The Finches introduce their Wonder Woman. (courtesy of DC Comics)


THE NEXT PHASE of Wonder Woman’s “New 52” era begins now.

The husband-and-wife creative duo of writer Meredith Finch and artist David Finch are tasked with taking one of DC Comics’ most important titles in a new direction. This transition occurs after the critically acclaimed 35-issue run on Wonder Woman by Brian Azzarello (with art by Cliff Chiang, Tony Atkins and Goran Sudzuka) ended with last month’s No. 35.

The Finch family’s Issue No. 36 hits newsstands and digital devices Wednesday.

Meredith Finch holds Azzarello’s run in high regard, saying that some aspects of his Wonder Woman will find their way into her stories. as well.

“Brian’s run has been very influential to our story on several different levels,” Meredith Finch told The Post’s Comic Riffs. “The art and the character development were sensational. There were so many undeveloped threads left for me to pick up and utilize in our story. I also really liked his approach to storytelling – one long mono-story. I’m not saying that I am going to attempt a 35-issue epic like Brian, but I am looking at our story as our take on what happens after issue 35.”

She says that the first arc of her take on Wonder Woman will feature the Justice League, but only in a sense that they are part of Wonder Woman’s life. “I look at Superman and the Justice League as tools to advance what I want to do with the character,” Finch says.

As for Wonder Woman’s relationship with Superman, which is detailed more in the DC Comics title Superman/Wonder Woman, the writer says that the relationship between the two superpowers is also an important aspect to her approach on Wonder Woman.

“I think that the Superman/Wonder Woman series has done a great job of exploring Clark and Diana as a couple,” Finch told Comic Riffs. “My interest in Superman and Wonder Woman’s relationship is how I can utilize it to advance the emotional journey I want to take her on.”

Finch emphasizes that she doesn’t want Wonder Woman just to be about super-strength. “I definitely feel that the very nature of being a strong and powerful woman is that you don’t feel the need to prove yourself to anyone,” she said. “She’ll do whatever needs to be done physically, but more importantly, I really want to show [Wonder Woman’s] strength of character. In my opinion, that is what sets her apart from the rest of the DCU.”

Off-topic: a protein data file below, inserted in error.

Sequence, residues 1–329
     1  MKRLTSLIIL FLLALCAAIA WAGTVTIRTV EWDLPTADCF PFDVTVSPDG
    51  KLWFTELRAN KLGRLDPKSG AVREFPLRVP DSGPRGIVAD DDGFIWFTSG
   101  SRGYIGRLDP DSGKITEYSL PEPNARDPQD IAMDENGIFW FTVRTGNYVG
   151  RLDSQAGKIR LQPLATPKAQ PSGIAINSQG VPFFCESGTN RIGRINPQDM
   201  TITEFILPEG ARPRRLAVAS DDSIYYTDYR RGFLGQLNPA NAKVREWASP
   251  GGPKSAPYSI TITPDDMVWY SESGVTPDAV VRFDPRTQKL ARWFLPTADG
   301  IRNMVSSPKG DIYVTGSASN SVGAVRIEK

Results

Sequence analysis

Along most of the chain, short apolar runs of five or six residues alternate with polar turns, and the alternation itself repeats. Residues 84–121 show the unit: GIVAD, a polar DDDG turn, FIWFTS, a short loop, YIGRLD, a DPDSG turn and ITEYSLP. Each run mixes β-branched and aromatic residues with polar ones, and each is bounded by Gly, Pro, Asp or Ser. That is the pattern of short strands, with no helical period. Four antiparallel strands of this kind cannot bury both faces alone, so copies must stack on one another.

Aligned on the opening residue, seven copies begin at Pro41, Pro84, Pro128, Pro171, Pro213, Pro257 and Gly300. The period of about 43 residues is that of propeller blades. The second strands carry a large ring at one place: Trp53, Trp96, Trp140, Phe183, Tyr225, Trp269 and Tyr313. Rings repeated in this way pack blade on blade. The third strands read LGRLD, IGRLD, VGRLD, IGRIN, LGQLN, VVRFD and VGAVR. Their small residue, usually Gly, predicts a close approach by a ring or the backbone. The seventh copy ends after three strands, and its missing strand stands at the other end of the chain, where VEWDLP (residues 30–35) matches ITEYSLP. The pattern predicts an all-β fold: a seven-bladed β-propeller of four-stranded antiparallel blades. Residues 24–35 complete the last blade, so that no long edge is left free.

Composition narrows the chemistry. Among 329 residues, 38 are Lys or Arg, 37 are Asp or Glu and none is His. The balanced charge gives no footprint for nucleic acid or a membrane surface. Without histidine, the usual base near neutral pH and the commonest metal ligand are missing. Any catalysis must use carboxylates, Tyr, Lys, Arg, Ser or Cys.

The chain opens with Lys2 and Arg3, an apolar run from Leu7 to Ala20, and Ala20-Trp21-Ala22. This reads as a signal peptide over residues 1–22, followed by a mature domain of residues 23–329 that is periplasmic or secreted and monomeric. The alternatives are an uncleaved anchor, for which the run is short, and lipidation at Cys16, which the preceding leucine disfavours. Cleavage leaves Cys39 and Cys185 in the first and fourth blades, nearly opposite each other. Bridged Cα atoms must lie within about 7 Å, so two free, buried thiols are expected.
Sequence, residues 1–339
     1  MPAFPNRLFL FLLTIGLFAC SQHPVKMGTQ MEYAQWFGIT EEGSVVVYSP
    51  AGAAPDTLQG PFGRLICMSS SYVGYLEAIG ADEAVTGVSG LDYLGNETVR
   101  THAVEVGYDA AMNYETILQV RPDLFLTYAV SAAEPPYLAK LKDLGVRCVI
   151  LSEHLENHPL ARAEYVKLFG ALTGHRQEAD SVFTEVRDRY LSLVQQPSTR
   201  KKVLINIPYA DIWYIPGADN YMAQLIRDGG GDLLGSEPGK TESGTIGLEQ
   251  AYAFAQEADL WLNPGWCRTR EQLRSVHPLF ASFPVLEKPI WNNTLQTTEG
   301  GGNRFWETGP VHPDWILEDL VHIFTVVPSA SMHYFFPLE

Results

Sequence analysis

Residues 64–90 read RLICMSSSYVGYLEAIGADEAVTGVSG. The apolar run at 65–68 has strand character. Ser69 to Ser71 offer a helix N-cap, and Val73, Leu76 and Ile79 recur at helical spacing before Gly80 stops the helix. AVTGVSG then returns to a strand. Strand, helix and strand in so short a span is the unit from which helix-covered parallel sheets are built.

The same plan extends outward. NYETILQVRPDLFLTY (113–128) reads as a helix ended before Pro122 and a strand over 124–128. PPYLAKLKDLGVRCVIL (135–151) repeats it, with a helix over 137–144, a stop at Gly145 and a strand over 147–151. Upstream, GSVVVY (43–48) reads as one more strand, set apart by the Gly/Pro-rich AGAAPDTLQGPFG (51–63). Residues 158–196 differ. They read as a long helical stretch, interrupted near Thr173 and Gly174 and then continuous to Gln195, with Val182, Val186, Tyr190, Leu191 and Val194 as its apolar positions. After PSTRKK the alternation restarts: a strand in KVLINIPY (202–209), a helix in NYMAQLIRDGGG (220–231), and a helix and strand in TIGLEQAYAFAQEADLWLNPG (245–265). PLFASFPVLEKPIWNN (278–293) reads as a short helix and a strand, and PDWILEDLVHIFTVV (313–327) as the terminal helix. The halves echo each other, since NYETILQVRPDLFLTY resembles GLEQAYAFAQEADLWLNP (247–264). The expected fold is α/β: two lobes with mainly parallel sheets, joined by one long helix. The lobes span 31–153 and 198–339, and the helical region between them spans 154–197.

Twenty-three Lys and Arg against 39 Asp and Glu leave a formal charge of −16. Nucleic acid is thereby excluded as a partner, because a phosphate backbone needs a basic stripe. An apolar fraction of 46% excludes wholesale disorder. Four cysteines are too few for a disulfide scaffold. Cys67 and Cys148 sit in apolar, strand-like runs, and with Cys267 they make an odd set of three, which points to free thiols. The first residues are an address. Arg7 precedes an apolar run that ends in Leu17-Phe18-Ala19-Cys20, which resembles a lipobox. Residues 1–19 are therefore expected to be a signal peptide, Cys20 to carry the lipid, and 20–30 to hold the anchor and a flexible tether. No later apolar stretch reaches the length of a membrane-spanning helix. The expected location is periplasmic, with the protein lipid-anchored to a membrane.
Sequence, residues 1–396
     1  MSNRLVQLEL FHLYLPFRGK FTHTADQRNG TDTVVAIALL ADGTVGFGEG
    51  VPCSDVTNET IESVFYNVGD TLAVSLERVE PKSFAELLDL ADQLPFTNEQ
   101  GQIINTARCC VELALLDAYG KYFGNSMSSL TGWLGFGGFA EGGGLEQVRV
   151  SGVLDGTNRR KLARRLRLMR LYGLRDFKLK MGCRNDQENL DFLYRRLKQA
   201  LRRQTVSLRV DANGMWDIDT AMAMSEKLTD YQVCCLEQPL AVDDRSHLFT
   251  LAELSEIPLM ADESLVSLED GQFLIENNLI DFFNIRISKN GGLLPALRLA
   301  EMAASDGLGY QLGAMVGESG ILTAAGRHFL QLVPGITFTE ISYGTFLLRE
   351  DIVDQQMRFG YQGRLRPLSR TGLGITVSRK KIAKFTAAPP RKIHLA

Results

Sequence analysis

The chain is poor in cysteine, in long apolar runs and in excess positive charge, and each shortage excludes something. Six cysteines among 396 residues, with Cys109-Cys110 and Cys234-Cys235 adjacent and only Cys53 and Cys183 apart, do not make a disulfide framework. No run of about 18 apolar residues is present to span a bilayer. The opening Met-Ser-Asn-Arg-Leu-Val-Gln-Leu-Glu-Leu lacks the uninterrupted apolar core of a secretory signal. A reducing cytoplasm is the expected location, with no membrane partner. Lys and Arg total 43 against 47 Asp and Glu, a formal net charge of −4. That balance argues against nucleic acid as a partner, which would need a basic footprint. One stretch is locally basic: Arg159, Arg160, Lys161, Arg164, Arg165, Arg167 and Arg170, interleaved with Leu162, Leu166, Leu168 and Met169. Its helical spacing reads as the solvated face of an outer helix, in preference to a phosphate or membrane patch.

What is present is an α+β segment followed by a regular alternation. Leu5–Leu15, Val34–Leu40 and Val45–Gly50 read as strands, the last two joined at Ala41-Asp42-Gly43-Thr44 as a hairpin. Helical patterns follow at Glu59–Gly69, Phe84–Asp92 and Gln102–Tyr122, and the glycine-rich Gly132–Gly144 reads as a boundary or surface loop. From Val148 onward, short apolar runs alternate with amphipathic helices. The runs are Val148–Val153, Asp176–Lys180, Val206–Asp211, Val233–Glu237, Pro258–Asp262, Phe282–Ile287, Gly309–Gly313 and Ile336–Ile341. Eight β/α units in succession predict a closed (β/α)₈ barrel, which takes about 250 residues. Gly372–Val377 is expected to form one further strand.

As for being married to the artist who will bring her Wonder Woman words to life, Finch says she couldn’t be happier with having her spouse as her collaborator. “I’m so blessed to be married to, and now working with, one of the greatest artists in the industry today,” she says.”David’s artwork is so beautiful, and he is such a powerful storyteller, that I think we are going to be able to do something really special with this book.”

For David Finch, the collaboration has been a one-of-a-kind experience.

“I generally don’t have a collaborative relationship with my writers,” he says. “It’s not something that I seek out, so this has actually been more of a roller coaster for me than I’m used to.

“Writing, like art, is such an emotional process,” he continued. “Sometimes I’m really enjoying the ride, and other times I’m just trying to be supportive when things get bumpy. The highs and lows aside, I feel like I have more of an opportunity to inject my aesthetics into the storytelling, and with the writer right beside me, I feel like I’m being held more accountable.”

David Finch says his artistic approach to Wonder Woman — as with any other character he has drawn (Finch is no stranger to DC icons, having drawn Batman and the Justice League in various titles) — is heavily influenced by the artists who came before him.

That doesn’t mean, however, that Lynda Carter’s iconic ’70s portrayal of TV’s Wonder Woman will influence his look for the character. “I never watched the show growing up, and as such, it really isn’t a part of my cultural history when I think of Wonder Woman,” the artist said. “Wonder Woman, for me, has always been a comic-book character.”

Meredith Finch, by contrast, says that Carter’s stint as Wonder Woman leaves a lasting impression. “There is probably not a woman out there of my generation who did not spin around, wrists crossed, in imitation of Lynda Carter’s iconic portrayal [of Wonder Woman],” she said. “I love the character and what she represents, and I am very excited to have the opportunity to contribute to her legacy.”

Wonder Woman is enjoying high popularity on the page, and high anticipation for her big debut, as portrayed by Gal Gadot, in the forthcoming “Batman v. Superman: Dawn of Justice” – to be followed by her appearances in the “Justice League” movies and her own solo film. Meredith Finch says this is an exciting era in which to appreciate Wonder Woman – as well as to be a fan of comics, in general.

“The recent success of superhero- and comic-book-based movies and TV shows has really heightened awareness of the industry,” she said. “I look forward to the opportunity to reach a wider readership and at the same time, I try to keep in mind that we are hoping to expose comics to a new and diverse group of readers.”